A commentary was published last month on the blog site of the prestigious British Medical Journal telling us, in essence, that lifestyle medicine is ineffective. Specifically, it said that screening for chronic disease risk factors in the general population, and addressing them with lifestyle counseling in the clinical setting, is of no value.
We may at times think too much. There is no shortage of very intelligent, highly educated people in my academic world. But perhaps there is something seductive about the pursuit of data that causes some in this domain to think that the pursuit of data is itself the objective. It shouldn't be. What most people want is for the data we derive to be applied to some
News came in the past week that the front-of-pack nutrition guidance program offered by Canada's Heart and Stroke Foundation, presented as a seal of approval in the form of a check mark, was being decommissioned. With all due respect to my friends at the Foundation, and the good intentions that brought the system into existence -- good riddance to it.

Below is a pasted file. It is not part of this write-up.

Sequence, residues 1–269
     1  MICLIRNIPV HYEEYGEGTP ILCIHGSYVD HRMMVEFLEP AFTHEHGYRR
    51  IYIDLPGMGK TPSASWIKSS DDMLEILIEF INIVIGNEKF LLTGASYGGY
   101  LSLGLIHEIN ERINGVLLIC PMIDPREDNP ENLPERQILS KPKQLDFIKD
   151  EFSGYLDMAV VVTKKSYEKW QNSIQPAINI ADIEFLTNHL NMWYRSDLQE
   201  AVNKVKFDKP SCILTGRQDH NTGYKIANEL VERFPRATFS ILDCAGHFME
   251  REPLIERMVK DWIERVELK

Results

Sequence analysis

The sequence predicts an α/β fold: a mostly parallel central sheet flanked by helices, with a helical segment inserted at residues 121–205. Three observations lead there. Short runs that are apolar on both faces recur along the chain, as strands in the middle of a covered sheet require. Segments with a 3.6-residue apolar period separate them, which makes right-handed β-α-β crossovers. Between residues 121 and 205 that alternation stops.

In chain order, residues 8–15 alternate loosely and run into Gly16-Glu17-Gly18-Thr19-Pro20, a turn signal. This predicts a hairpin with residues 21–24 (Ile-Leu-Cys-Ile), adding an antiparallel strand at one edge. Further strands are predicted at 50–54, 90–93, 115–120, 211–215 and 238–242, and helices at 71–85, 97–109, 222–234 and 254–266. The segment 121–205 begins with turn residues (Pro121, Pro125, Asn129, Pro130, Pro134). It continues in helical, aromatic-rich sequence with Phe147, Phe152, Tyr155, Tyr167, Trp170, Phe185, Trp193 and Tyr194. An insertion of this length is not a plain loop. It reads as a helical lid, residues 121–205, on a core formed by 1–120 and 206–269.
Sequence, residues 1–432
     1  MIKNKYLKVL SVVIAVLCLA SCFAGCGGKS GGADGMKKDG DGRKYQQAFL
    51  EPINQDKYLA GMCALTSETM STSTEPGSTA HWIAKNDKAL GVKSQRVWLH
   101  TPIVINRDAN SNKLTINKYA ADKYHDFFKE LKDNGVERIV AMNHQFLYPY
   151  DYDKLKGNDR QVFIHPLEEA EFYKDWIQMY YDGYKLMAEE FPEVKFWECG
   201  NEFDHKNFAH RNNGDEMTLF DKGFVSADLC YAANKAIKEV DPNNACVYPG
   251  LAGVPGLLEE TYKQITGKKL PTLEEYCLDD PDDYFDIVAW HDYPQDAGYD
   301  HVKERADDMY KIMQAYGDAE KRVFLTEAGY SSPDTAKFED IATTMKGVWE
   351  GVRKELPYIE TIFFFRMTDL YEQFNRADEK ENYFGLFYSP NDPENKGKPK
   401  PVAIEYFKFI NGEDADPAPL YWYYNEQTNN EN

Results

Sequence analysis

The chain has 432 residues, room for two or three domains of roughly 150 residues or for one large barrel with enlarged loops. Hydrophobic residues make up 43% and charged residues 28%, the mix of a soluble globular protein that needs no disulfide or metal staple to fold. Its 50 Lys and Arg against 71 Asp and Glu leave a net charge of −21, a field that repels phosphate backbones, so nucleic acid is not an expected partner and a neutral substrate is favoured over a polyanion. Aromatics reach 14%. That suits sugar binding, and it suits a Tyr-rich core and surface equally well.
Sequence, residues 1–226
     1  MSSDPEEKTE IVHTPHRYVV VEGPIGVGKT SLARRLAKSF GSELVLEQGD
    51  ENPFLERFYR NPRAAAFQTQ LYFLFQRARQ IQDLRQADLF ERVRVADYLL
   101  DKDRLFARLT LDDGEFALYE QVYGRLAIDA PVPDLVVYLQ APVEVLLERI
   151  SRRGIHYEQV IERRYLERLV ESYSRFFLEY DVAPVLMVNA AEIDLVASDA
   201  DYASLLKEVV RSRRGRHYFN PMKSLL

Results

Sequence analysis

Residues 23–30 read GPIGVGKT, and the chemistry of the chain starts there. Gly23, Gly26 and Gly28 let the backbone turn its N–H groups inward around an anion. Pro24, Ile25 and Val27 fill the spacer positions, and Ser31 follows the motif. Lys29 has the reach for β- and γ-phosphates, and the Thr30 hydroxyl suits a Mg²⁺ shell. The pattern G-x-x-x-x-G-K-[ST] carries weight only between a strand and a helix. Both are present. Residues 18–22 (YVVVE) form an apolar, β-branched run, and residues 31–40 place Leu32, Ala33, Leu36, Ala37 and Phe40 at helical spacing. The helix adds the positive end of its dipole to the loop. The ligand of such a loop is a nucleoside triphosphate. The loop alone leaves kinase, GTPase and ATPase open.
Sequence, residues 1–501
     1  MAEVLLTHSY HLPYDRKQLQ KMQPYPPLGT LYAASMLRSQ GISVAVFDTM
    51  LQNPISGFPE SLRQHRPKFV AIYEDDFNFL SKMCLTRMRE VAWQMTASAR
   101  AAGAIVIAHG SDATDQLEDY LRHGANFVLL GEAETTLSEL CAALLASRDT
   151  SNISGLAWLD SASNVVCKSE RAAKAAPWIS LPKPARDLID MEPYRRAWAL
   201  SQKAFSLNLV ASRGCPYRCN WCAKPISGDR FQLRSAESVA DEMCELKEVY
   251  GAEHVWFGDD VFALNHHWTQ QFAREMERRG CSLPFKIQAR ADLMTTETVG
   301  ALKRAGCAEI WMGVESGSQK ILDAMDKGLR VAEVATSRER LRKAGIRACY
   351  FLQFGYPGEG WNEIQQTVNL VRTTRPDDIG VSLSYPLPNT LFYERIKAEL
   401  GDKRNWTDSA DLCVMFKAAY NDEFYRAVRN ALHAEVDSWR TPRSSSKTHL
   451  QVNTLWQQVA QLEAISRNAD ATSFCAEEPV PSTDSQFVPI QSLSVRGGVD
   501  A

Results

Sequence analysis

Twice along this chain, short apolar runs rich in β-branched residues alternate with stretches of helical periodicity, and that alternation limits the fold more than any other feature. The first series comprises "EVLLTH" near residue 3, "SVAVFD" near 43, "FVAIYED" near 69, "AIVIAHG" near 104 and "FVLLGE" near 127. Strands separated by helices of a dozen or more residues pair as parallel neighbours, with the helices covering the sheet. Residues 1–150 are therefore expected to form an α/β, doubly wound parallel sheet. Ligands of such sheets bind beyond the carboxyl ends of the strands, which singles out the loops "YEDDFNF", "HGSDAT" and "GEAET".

Personally, I have long thought that whatever the particular merits of breakfast, hieratic zeal as the main course was in fact a rather dubious way to start the day. So it is that I welcomed a new study that purportedly was about debunking breakfast, but was really about debunking dogma for breakfast.
A new study in the journal Obesity, comparing diet soda to water for weight loss, has resulted in extensive and worldwide media coverage -- some of it, to my surprise, directly involving me. My involvement derives from my published opinions about diet soda and artificial sweeteners, which thus far remain unchanged after reading the study in question.